COUNTERPOINT: Change that Malaysian mentality
HAS Malaysian sport reached a state where an accepted form of despotic rule has become necessary?

By Lazarus Rokk (From New Straits Times Online of Wednesday, November 23 2005)

Has the decadence - both in mind and matter - become so catastrophic that the democratic system needs to be protected by a form of dictatorial rule against unscrupulous and ineffectual officials who abuse and manipulate it?
If it ever comes to that state of affairs when we Malaysians have to be dictated, we will only have our typical Malaysian mentality to blame for it.
Take a typical day in our lives from the time we leave home - either in our cars or public transport - till the time we return, and you will see this mentality that reduces us Malaysians to inferior beings.
On the roads the kiasu (don't want to lose) mentality takes over the man or woman behind the wheel, turning everything into a personal battle. From the time you start your engines, it's war.
Giving way to a motorist is a sign of weakness. Nosing into the position ahead of the motorist in front of you after a protracted battle, is a victory you can be proud of. Not acknowledging the good deed of a motorist who had just given you way, is encouraged because he owes it to you.
If you are involved in an accident, even if you are wrong, come out fighting because that's the Malaysian way. In residential areas, the one-way or no-entry sign is only for law abiders.
And it's perfectly fine to board a bus or train ahead of the others, even after you have pushed, shoved, or God forbid, groped women on your way up, because that's what most Malaysians do.
Good manners and queues are not for us.
We rush into lifts even before the first person coming out of one is out. Not many of us keep doors open for the people close on our heels. I can go on for days on what we Malaysians have mutated into.
But in this column I want to focus on two major aspects of this mutated Malaysian mentality that has all but destroyed not only the very fibre of our social values, but turned most of us believers into cynics.
I wrote a couple of years ago that if there was one force that can wipe out the entire Malaysian race from the face of this planet, the chances are it won't be water, fire, ice, or even a nuclear holocaust. We will survive all that.
But God help us against that omnipotent force which we Malaysians have come to know and fear as the dengki (jealousy) factor.
It's predominant in our politics, stressfully annoying in our workplace, devastatingly destructive in our business sector, and so frustratingly commanding in our sport as well.
We Malaysians have become so comfortable with being complacent and insecure by our desire to be plain and ordinary, that we will not allow anyone else with the will to be extraordinary or ingenious, to succeed.
Sadly, it's these mediocre people who have been infected by this disease, who are the ones who have often prevailed over those who have dared to be different and want change.
For, we Malaysians have nurtured and cultivated this dengki factor with such great will and passion that today it presides over just about every facet of our lives.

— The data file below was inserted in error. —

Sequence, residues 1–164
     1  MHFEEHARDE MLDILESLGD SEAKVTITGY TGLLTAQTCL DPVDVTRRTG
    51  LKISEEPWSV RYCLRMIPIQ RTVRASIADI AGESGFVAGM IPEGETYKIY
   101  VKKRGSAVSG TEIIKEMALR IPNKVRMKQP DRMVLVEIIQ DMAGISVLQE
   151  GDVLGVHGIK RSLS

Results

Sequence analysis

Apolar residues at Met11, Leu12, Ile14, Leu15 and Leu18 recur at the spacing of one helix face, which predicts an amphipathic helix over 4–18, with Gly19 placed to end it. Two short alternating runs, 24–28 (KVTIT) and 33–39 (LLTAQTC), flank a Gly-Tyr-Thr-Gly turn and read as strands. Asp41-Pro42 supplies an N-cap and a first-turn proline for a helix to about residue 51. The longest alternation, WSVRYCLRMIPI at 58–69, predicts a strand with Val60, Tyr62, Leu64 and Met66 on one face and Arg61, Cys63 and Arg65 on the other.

And just as destructive is that other element of this "mutant Malaysian" which can't and won't accept criticisms, as constructive as they may be. Outspokenness in this society is a bane, it's not a virtue. Often we get chastised for it.
Because if it's not our egos that we are trying to protect, most of us Malaysians have become so paranoid that we believe there has to be a sinister motive behind every criticism.
Which is why, when Malaysian sport is built around this mutated mentality, you sometimes wonder if all those grand plans are going to work, because eventually and invariably all these plans depend on this genre of Malaysian to make it work.
And these are the people who bring back to life inept officials who are meant to stay buried. The Malaysian Amateur Athletics Union is a classic case in point.
It was suspended a few years ago to allow a fresh set of administrators to take the sport from out of its doldrums, but what happened after that was we had the same old officials who were the cause of the suspension back in power.
The influential Karim Ibrahim who was the general secretary when MAAU was suspended in 2002, returned as vice-president this year, and wielded his control over affiliates to assume the role as chairman of coaching and development - a position his predecessor Lt (rtd) Danyal Balagopal was excelling in.
I hear now his old cronies will be making their way back into the MAAU. So tell me, how do we expect things to change when we have this mentality still dominating Malaysian sport.
In the FA of Malaysia, it's really no different either. There really isn't much that anyone can do there as president or deputy president, when the people down the line in the implementation areas belong to this mutated mentality.
People like deputy president Datuk Redzuan Sheikh Ahmad, vice-presidents Datuk Raja Ahmad Raja Zainuddin, Datuk Jamal Nasir Rasdi, and Datuk Anifah Aman, are the ones FAM depend on to get its house in order, but they have been a part of the problem too with their ineffectiveness.
These administrators should step down or not seek re-election if they can no longer contribute to football or the FAM. But accountability isn't a culture here. Not many resign on a matter of principle.
So where does football or the FAM go from there, when there is no accountability, and the same ineffective officials are voted in every election year.
Basically, if we can change this mutated Malaysian mentality, the fatality rate on roads will decrease, the crime rate will drop, and Malaysian sport will be on the rise.

Parent site: "Focus on Malaysia"